Now, how does all this change when we (approximately) double the sampling rate to 96 kc on the medium? With a sampling rate of 96 kc, the first digital mirror image now comes downward from 96 kc instead of downward from 44.1 kc, and they meet each other at 48 kc. Since they meet at 48 kc, this means that the music signal would have to reach upward for a 48 kc frequency span before it met ts image coming down the corresponding 48 kc frequency span from 96 kc. Thus, with a sampling rate of 96 kc, the recorded primary music signal would have to have lots of energy up around 48 kc before it got near its mirror image. Of course, the rolloffs of the microphones and the anti-aliasing filters at the beginning of the digital recording chain guarantee that the music signal on the medium won't have any meaningful energy up near 48 kc. So beat distortion from unwanted digital mirror images ceases to be a problem if we simply switch from a 44.1 kc sampling rate to a 96 kc sampling rate. And then we don't need to worry much about employing a strict anti-imaging filter policeman. We no longer need to force the digital reconstruction filter to also act as a strict anti-imaging filter. This therefore frees us to finally be able to optimize the corner frequency of the reconstruction filter, by setting it correctly at the Nyquist frequency (now 48 kc).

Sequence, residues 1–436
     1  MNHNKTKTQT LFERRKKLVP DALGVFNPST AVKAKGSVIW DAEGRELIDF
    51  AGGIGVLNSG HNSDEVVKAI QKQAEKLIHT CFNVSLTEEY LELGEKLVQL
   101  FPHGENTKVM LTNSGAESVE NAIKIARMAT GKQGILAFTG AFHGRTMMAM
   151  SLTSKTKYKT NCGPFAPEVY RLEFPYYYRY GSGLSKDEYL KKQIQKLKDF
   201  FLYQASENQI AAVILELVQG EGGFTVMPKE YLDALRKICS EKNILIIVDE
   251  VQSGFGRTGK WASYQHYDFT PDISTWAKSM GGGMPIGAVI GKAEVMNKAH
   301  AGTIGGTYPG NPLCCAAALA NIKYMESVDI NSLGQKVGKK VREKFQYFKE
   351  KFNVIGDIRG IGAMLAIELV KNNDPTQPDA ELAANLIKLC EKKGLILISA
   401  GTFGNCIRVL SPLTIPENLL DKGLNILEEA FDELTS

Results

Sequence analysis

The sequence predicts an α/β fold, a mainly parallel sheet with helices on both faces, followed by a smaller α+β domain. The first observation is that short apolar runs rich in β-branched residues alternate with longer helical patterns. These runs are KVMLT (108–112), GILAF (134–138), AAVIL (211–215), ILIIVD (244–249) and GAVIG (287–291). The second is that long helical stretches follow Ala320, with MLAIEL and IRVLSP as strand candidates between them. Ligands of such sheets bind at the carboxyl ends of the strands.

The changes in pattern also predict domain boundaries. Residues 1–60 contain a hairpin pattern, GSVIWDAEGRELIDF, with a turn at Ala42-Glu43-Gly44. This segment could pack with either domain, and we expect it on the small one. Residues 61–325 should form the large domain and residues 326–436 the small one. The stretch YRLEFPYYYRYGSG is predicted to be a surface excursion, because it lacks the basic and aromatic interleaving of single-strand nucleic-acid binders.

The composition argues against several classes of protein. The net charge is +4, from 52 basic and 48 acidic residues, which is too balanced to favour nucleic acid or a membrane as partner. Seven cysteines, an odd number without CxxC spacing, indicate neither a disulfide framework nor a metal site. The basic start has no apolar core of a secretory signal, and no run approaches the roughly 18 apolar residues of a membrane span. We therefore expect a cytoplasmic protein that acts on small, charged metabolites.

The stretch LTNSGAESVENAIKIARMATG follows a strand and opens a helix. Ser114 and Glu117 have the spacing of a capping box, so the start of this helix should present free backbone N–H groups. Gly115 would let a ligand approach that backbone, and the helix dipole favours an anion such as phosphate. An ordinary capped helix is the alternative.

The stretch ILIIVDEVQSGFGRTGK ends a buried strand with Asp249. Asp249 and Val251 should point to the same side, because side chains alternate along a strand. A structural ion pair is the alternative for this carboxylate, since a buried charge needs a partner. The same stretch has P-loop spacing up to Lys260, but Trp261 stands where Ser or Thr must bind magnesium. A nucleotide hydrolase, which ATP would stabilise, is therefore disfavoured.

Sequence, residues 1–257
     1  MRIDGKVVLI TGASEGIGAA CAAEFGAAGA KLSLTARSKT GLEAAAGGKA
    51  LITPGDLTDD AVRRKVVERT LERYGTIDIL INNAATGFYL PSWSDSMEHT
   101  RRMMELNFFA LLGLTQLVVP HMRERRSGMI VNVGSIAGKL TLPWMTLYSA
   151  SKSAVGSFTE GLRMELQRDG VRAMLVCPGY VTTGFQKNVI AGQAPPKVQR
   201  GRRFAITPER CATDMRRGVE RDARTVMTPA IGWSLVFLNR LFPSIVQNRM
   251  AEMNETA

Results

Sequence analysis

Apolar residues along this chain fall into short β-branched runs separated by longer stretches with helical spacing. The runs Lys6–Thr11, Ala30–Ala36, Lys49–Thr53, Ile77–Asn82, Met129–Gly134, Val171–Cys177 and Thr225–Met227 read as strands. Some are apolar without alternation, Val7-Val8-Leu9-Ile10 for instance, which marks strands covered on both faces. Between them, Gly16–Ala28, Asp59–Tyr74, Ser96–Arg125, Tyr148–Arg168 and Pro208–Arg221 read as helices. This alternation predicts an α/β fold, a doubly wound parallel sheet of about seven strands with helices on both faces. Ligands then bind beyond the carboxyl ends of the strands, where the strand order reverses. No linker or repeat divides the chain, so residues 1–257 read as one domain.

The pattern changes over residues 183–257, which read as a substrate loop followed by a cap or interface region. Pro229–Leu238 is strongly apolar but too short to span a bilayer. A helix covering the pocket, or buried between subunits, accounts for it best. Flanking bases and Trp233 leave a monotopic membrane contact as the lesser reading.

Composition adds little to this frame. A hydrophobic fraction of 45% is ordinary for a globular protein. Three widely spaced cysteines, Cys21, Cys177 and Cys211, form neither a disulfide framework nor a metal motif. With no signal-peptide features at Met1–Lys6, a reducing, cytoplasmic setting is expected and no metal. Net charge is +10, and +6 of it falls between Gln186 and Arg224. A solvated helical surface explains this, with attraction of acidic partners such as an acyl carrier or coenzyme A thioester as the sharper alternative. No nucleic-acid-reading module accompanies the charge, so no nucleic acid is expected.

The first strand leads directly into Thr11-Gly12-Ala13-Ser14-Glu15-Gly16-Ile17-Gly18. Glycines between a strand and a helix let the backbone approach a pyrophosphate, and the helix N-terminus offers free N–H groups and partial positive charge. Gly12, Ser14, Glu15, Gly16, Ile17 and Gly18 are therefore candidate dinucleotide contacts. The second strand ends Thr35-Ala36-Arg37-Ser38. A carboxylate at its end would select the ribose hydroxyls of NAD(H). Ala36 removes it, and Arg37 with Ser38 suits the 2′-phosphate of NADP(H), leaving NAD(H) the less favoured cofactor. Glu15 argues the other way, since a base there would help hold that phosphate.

Incidentally, with its corner frequency set at the Nyquist frequency of 48 kc, the reconstruction filter is still acting as a potent anti-imaging filter over most of the spectrum. It is only leaving relatively unguarded the small segment just above its Nyquist frequency corner, where its non-infinitely-steep cutoff slope has yet to achieve much rejection (from 48 kc up to say 52 kc). This unguarded narrow 4 kc span could get us into trouble if a music signal were to come along with lots of energy in the narrow span from 44 kc to 48 kc, but that's not likely. In contrast, with a 44.1 kc sampling rate we could not afford to set the corner at the correct 22.05 kc Nyquist frequency and thereby leave the 2 kc span from 22.04 to 24.01 kc unguarded, since the primary music signal could easily still have lots of energy in this region.